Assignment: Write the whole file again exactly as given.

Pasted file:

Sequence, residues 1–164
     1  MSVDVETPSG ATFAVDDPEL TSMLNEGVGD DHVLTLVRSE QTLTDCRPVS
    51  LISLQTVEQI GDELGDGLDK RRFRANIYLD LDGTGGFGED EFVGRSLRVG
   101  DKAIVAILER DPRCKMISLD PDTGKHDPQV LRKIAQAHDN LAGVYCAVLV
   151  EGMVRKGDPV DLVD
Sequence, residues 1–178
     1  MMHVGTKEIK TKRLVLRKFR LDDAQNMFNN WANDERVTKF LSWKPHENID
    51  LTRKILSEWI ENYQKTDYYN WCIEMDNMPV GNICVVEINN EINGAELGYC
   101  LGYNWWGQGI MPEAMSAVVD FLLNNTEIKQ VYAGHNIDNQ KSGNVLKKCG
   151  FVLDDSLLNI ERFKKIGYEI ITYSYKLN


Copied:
Sequence, residues 1–164
     1  MSVDVETPSG ATFAVDDPEL TSMLNEGVGD DHVLTLVRSE QTLTDCRPVS
    51  LISLQTVEQI GDELGDGLDK RRFRANIYLD LDGTGGFGED EFVGRSLRVG
   101  DKAIVAILER DPRCKMISLD PDTGKHDPQV LRKIAQAHDN LAGVYCAVLV
   151  EGMVRKGDPV DLVD
Sequence, residues 1–178
     1  MMHVGTKEIK TKRLVLRKFR LDDAQNMFNN WANDERVTKF LSWKPHENID
    51  LTRKILSEWI ENYQKTDYYN WCIEMDNMPV GNICVVEINN EINGAELGYC
   101  LGYNWWGQGI MPEAMSAVVD FLLNNTEIKQ VYAGHNIDNQ KSGNVLKKCG
   151  FVLDDSLLNI ERFKKIGYEI ITYSYKLN